Our guides took us to all the local hot spots that started at the Wharf and ended in Hamilton , and then we took the Ferry back to the Wharf. This was a simple and effective plan that got us all of our target species. Our first major stop was Long Bay Nat. Park which yielded Great Blue Heron , Common Gallinule , and lifer Yellow-crowned Night Heron which acted like plovers as they occupied wet fields in small groups scattered throughout the roadsides. We hit the jackpot in the pouring rain at out next stop in Fort Scaur . A single European Goldfinch was calling and we soon found it and all of it’s beauty, sounding very much like our American Goldfinch but with a slightly Brit accent and coat. Our next find was the target White-eyed Vireo which is a non migratory Bermuda subspecies. Also at Ft. Scaur was the iconic American Cardinal , Great Egret , American Crow and White-Tailed Tropicbirds could be scoped far offshore. Our last big stop s also regarded as the best birding location in all of Bermuda: Spittal Pond. We took a small coffee break in the dry refuge of the van once we arrived as ray and Kay graciously supplied some food and drink. It was still pouring rain but we birded nonetheless. The wet weather brought with it a wonderful treat as the peeping of frogs continued throughout our travels any time we were in a wooded area. These sounds gave the trip a distinct Neotropical feel to the whole experience of birding Bermuda. As we started birding Spittal Pond we noticed large groups of feral chickens running about , Kate explained to us that Northern Bobwhite has also become a breeding resident in the area as well but we did not see any. Spittal Pond and did get us the best views of several White-tailed Tropicbirds as the played tag along the rocky coast at the edge of the preserve. We also found now familiar Bermuda breeders such as White-eyed Vireo, Common Ground-Dove ,Northern Cardinal as well as Mallard Duck and Muscovy Duck. I am quite certain without our gudes we would NOT have found most of our target species , we WOULD have gotten lost and we WOULD have been pretty uncomfortable day with all of the wet weather, so many thanks to them!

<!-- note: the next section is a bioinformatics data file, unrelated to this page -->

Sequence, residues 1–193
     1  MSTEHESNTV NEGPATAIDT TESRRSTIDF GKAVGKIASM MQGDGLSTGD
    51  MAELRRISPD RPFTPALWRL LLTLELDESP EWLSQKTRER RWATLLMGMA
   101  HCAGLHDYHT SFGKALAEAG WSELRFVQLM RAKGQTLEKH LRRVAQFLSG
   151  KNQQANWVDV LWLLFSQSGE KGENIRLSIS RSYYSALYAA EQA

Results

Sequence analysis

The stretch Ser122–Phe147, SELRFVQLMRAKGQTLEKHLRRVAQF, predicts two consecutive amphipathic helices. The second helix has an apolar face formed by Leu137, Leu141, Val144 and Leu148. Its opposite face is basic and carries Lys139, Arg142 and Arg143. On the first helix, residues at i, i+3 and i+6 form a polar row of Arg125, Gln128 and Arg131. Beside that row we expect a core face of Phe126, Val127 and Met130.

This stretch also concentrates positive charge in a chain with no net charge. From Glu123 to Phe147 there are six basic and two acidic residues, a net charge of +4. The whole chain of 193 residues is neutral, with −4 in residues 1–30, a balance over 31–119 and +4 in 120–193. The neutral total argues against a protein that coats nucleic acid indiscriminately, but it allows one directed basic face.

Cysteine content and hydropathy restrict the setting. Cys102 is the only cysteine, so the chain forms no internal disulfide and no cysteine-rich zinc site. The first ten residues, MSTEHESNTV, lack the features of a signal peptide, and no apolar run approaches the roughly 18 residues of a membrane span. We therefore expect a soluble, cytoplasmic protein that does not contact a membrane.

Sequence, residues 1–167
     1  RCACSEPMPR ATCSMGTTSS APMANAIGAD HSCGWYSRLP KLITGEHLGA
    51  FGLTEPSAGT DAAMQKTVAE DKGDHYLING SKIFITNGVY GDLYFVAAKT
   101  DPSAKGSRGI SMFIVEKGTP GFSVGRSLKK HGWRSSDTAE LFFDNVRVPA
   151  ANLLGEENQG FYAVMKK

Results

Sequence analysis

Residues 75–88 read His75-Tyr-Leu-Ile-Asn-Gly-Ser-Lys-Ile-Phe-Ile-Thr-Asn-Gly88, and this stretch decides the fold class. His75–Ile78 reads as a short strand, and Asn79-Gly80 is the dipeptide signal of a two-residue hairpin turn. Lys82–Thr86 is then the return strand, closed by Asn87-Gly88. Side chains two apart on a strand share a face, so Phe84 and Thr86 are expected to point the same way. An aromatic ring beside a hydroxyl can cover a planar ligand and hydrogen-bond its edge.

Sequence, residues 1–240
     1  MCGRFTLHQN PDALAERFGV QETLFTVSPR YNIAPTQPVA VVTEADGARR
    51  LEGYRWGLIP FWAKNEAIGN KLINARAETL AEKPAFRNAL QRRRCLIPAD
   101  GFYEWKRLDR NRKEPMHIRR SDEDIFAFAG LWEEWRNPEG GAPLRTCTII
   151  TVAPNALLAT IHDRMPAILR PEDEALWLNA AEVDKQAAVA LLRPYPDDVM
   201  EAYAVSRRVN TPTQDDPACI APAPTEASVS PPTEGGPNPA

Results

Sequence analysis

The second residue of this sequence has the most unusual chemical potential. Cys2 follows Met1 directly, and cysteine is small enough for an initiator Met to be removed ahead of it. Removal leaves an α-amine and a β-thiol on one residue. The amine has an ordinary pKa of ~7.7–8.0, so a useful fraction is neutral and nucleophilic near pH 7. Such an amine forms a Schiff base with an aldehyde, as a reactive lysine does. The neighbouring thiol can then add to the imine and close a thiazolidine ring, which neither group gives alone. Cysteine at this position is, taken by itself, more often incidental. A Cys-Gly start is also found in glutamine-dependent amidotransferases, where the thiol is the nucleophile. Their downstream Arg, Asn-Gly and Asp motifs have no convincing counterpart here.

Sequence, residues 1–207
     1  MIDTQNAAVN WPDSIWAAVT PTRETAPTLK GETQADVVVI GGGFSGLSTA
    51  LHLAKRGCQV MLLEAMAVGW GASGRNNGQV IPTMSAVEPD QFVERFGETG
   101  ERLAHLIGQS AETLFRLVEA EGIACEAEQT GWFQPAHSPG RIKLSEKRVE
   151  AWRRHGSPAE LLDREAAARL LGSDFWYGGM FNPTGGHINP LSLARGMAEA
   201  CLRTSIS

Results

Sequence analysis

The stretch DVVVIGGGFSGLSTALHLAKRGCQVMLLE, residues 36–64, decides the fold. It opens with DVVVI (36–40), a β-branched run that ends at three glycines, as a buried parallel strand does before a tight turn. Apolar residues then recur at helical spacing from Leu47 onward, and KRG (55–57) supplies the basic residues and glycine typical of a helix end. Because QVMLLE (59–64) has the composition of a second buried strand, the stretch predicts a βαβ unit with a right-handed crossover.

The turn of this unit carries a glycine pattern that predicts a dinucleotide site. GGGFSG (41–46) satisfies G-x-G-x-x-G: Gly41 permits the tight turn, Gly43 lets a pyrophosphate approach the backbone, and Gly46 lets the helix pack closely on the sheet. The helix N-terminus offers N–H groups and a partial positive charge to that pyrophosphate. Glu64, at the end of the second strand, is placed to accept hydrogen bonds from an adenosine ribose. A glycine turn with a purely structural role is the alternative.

Day 3 –Cruising back to NJ
A note about the cruise home to New Jersey, I birded from our cruise balcony and came away with a bunch of views and photos. I found a pod of Porpoises as well as a few pelagic birds. The only identifiable bird was Cory's Shearwater. But I had been looking at either Greater or Manx Shearwater as well as a possible Brown Noddy. All birds were found as we passed thru the Gulf Stream about half way thru the trip.


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more Bermuda photos

some more shots


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Bermuda June 2009,


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Great report, Steve. Brought back memories for me. Visited Bermuda twice while in college, and then we spent our honeymoon there, more years ago than I'd like to admit. Didn't pay any attention to the birds.

Sounds like you made the best of so-so weather. Next time I see you, remind me to tell you about the great Bermuda kite-flying contest.

Take care,

Nice report Steve;lots of memories as I lived Bermuda for 3 years in the 90's.Amassed over 200 species in that time.Shows what a migration hot spot it is as if memory is correct there are only 12-14 resident breeding species.I'm surprised UK birders don't study whats been recorded there more in an attempt to work out what just MIGHT reach our shores!


I'm glad you all enjoyed the report, I am adding a decent Yellow-crowned Night Heron photo from the trip.


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I'm glad you all enjoyed the report, I am adding a decent Yellow-crowned Night Heron photo from the trip.

nice report ! Memories for me as I spent 3 years working there and saw over 200 species in that time,90%+ of which are migrants/vagrants!Did mange Cahow though,and David Wingate deserves some kind of Nobel prize for the work he has done with those birds!!

thanks again!!o:)